Are exit tickets effective?

Tal, Teacher

Exit tickets have been found to improve behavior and academic achievement.

They enhance understanding, develop reflective skills, and inform teaching practices.  

According to Bowling Green State University, exit tickets are most effective when they actively involve both teachers and students.  

Helping students take ownership of their learning

Motivation is imperative to learning.  When we feel motivated, our engagement levels increase.  We’re likely to put in a greater effort.     

With exit tickets, students are motivated to take ownership of their own learning.

Leigh refers to the tool facilitating ‘rituals for thinking’: they offer a “physical space to digest ideas, to question, to ponder, to ruminate over what has been shared and discussed.”

Self-analysis is a critical skill for successful future learning.  

According to  Paz-Albo and Hervaz, exit tickets stimulate this process.  They enable students to analyse and reflect on their efforts in their learning.  

Students are better able to:

  • Make connections between new and existing information
  • View themselves as true learners
  • Reflect on their processes and actions 
  • Identify with their classmates 

Researchers posit that reflection serves as a purpose for future learning.  Using reflection, students know what worked and what didn’t.  They can make meaningful changes in response to new learning.  

Promote student reflection by asking questions such as:

  • How can you apply what you learned today to your own life?
  • How does something you learned in today’s lesson connect with something you already knew?
  • What did you learn about working with others today?
  • Explain how you could have been more successful in achieving your goal

Adjusting Teaching To Promote Learning Outcomes

The true power of exit tickets lies in their ability to shape your teaching.

They’re a meaningful form of formative assessment.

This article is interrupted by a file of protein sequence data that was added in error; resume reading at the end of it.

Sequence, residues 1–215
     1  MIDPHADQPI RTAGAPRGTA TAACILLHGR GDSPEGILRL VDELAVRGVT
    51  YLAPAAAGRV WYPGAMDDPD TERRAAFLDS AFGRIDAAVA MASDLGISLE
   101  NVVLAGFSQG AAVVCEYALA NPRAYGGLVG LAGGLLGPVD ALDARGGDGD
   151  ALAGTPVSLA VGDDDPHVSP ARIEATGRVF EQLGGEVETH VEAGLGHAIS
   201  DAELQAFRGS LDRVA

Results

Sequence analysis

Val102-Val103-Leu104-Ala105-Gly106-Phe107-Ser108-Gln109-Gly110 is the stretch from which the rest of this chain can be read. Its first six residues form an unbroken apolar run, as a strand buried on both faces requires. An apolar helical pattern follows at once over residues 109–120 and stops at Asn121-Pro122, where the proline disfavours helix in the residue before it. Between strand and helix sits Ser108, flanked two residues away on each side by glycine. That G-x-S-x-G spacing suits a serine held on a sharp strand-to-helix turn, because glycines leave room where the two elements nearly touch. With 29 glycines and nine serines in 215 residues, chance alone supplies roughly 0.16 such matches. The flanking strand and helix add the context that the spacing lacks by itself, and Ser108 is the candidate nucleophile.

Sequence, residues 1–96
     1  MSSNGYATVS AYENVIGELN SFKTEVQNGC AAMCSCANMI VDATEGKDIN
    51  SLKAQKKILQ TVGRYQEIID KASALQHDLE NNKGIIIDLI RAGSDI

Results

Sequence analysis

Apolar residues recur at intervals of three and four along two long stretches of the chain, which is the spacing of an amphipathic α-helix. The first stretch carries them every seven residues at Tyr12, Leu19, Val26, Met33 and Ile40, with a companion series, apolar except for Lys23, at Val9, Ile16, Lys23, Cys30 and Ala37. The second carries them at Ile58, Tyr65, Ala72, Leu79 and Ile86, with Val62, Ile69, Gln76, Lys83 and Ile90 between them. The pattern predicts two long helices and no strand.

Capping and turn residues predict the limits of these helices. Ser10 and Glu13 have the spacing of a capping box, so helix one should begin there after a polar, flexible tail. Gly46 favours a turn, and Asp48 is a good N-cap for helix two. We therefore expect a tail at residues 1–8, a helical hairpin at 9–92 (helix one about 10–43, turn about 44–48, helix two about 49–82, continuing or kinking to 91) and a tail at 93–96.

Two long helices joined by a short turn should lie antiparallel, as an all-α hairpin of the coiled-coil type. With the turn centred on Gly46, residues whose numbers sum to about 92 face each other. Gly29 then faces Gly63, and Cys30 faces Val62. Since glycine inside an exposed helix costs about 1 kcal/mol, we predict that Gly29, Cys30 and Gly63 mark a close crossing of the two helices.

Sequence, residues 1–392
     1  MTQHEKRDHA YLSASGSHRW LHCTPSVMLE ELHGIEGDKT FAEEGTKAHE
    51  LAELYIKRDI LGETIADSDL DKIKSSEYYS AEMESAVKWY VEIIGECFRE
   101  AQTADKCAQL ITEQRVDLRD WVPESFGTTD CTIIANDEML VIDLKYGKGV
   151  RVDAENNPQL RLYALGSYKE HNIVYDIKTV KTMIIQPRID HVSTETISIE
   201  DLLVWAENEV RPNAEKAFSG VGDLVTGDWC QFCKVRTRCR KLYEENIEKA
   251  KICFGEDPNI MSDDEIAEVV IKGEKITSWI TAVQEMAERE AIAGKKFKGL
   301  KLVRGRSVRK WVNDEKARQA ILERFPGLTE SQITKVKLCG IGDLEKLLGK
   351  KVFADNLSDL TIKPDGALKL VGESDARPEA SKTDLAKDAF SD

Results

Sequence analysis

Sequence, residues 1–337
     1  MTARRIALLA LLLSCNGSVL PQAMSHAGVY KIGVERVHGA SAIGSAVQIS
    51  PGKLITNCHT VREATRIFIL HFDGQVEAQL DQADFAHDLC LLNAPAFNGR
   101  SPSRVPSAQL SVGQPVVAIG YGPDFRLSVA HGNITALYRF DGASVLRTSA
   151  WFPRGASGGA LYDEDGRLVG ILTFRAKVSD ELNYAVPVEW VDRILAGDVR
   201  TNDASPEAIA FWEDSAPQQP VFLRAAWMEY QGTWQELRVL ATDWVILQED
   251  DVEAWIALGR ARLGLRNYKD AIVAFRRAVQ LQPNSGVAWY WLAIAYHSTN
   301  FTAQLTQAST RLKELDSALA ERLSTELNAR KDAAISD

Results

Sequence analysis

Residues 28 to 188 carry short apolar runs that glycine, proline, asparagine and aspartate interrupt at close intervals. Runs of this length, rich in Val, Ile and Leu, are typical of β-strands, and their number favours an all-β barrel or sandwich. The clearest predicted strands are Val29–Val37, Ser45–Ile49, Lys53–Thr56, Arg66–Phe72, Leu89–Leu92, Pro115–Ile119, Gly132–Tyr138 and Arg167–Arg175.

Formative assessments such as exit tickets help to:

  • Identify student misunderstandings
  • Offer concrete examples for improvement
  • Use feedback to help students correct errors
  • Finetune instructional practices
  • Ensure meaningful feedback due to immediate nature

They support teachers in devising individual learning plans and goals.

Marzano explains tangible ways in which to differentiate instruction using exit tickets:

“If the majority of the class identified a specific topic as an area of confusion, the teacher might reteach that content the following day.  If different students identified different topics, the teacher might offer small-group instruction that targets specific concepts... to help clear up students' confusions. Students who understood the content of the lesson well might be assigned to each group as topic-specific experts.”

This tool informs the types of practice opportunities and activities that’ll promote deeper understanding of a topic.  For instance, if students identify visual learning tools as effective, you’ll know to incorporate these into teaching.    

Questions to tailor teaching to student needs include:

  • What is the most difficult thing we went through today?
  • Imagine your friend was away from class today and asked you to explain the lesson. What would you tell them? 
  • What are you struggling to understand at the moment?
  • What's one change I can make to better support your learning?
  • How do you find the pace of our classes?
  • When describing a task, how clear are my instructions?


The essence of teaching is about improving learning outcomes for students. 

Using exit tickets, students and teachers are empowered to make a meaningful difference in students’ learning.  They enhance engagement and encourage reflection amongst learners.  They give teachers the confidence to tailor teaching to suit individual needs.

Try using exit tickets with your students to reap these benefits. 

The suggested questions in your Ziplet account are a great place to start. If you haven’t already, you can sign up for a free account.


'Art and Science of Teaching / The Many Uses of Exit Slips', Mazarno (2012) -

'The Effect of Exit Slips on Student Motivation within the Classroom', Izor (2019)-

'Exit tickets’ effect on engagement in college classrooms', Paz-Albo & Hervaz (2016)

'Formative Assessment at Work in the Classroom', Baron (2016) -

'The Classroom Is Alive with the Sound of Thinking: The Power of the Exit Slip', Cauley & McMillan Leigh -

'Purposeful Assessment Practices for Co-Teachers', Conderman & Hedin -

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